What Is The Biggest Esports Tournament? – Prize Pools & Viewers
Esports has come a long way in popularity and profitability. From its humble beginnings, the industry weathered countless bouts of stigma and desolation to become one of the fastest-growing sources of entertainment in the world. Asking “What is the biggest esports tournament?” it’s a more than legitimate question and below you will find your answer. Some people might be surprised by how big these tournaments can get but if they were following this industry for long enough then they would not have been caught off guard with such an obvious response to their inquiry.
Relative to the evolution of video games, esports underwent various eras that eventually led to the current condition it inhabits. From the cramped halls of college dorms in the 1970s to the mega indoor stadiums of the 2020s, esports’ appeal and esports history grew to transcend the old stereotype that branded players as hopeless social rejects.
No longer do these rejects reside in their mother’s basement to play their favorite games. They compete and practice in the same realm as traditional athletes and hold the interest of prominent investors. Nowadays, when people hear esports, they don’t think of it as a putrid pastime. They treat it as a bonafide money-making venture coming from the esport biggest prize pool.
Though esports is flourishing at an all-time high, how does the industry continue to grow amidst its unending audience? It does so by organizing major tournaments with the excess amount of winnings, of course.
What are the biggest esports tournaments in terms of prize pool and viewership? Here is a list of the four biggest esports events as of 2021.
1. The International (Dota 2)
The International coming into first place is no surprise to anyone familiar with esports. The Dota 2’s centerpiece event cracks in the list as the biggest esports tournament around. Boasting the biggest esports prize pool in $40 million-plus for its tenth edition. Valve looks set to distribute the winnings to each of the participating 18 teams based in six regions. The winner will take home nearly $18 million.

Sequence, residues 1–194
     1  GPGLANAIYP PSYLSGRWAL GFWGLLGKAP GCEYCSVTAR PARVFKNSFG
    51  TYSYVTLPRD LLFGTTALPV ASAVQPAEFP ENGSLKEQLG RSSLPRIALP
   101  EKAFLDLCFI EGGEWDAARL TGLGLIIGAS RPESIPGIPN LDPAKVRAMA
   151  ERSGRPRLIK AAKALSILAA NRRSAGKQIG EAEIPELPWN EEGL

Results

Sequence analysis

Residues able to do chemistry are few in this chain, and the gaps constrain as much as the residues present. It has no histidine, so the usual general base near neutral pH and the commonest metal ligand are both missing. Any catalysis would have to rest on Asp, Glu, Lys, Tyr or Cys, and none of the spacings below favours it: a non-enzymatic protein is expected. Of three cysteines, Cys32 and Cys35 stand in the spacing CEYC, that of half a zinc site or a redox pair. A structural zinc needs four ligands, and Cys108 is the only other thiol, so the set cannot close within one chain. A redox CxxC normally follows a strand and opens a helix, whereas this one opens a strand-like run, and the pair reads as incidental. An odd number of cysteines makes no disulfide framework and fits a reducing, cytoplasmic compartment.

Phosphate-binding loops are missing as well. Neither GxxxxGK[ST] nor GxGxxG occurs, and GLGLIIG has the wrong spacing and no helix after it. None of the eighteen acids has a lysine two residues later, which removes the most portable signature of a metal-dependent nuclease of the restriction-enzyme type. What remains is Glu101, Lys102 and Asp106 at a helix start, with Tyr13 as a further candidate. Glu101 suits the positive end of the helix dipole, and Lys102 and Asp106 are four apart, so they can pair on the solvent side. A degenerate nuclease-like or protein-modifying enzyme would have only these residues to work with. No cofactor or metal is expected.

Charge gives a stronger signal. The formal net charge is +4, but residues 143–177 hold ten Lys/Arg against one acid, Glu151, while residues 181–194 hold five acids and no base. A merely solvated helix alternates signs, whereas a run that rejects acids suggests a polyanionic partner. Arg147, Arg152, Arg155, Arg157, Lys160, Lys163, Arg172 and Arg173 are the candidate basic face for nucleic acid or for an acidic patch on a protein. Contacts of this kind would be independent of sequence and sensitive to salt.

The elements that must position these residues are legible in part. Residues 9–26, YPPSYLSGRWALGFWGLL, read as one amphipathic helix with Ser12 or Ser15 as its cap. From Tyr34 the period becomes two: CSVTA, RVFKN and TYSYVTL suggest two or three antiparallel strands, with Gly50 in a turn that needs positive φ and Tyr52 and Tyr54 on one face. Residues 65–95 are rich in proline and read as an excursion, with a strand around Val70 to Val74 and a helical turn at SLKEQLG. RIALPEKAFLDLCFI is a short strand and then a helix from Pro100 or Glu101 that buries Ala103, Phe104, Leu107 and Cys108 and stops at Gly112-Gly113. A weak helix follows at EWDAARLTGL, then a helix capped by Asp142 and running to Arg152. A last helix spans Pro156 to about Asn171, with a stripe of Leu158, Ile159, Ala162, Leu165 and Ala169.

The two-week-long celebration was originally slated for August 2020 in Stockholm, Sweden, but it was postponed for next year due to the COVID-19 global pandemic. Later, to complicate matters, the Swedish government failed to designate esports as an official sport, prompting Valve to relocate the event to Bucharest, Romania.
Pending further changes, TI10 will occur on October 7-17, approximately two months after its original date.
2. Fortnite World Cup Finals (Fortnite)
Epic Games threw their first major esports event for their flagship game with a massive bang. With $30 million up for grabs in two events (solo and duo), the Fortnite World Cup Finals hosted 200 eager players who looked to make their mark on the game’s nascent history.
With the Arthur Ashe Stadium in Flushing, New York serving as the main setting, Fortnite crowned Kyle “Bugha” Giersdorf as its first world champion after winning the singles event, beating 99 other players. Additionally, he won $3 million in prize money, becoming one of esports richest players overnight.
In the duos, Europeans Emil “nyhrox” Pederson and David “aqua” Wang outlasted 49 other pairs to win $3 million of their own.
3. PUBG Global Invitational.S 2021 (PlayerUnknown’s Battlegrounds)
From February 5 to March 28, PUBG held its first major event of the 2021 season with the PUBG Global Invitational.S, a 32-team tournament with $7.1 million in prize money, the largest in the game’s history.
The original prize pool was $3.5 million, but thanks to crowdfunding and other monetary guarantees, it doubled to $7.1 million. With teams participating in three distinct locations, PGI.S lasted for two months of league play, culminating in an extraordinary finale.
When the dust settled, NA’s Susquehanna Soniqs became world champions and earned the $1,296,189 grand prize.
4. League of Legends Worlds Championship
LoL Worlds is likely the most watched esports event in history. With its 2018 iteration attracting nearly a hundred million viewers, it is by far the largest esports tournament by audience count. The prize purse for Worlds is never high enough to compete with the likes of The International of the Fortnite World Cup, but was still a “decent” $6.7 million in 2018 up from $4.5 million in 2017.
Riot Games objective was never to award huge prize purses, as most teams in the competitive ecosystem already have franchised leagues and profit sharing deals. However, with such a huge audience count, their “humble” prize funds are still up there among the biggest prize pools in esports history.
This year, the tournament heads back to China for a multi-city multi-venue extravaganza starting on the 27th of September.
The Top Esports Tournaments for Esports Betting
Similar to the growth of tournaments, esports betting is increasing in popularity as well. With the creation of various esports betting websites, fans can wager their money with the potential of incurring a hefty profit. Even so, the appeal of accurately predicting the winner of a match isn’t the only thing in esports betting. People can also wager on specific situations to happen in a game, such as in traditional sports.
Although people can bet in whatever tournament they prefer to cover, it doesn’t hurt for them to try their luck in the biggest events esports has to offer. With this perspective, the possibilities of betting are practically endless.
Such contests include Dota 2’s The International, the League of Legends World Championship, Counter-Strike: Global Offensive’s catalogue of majors, and the Overwatch League.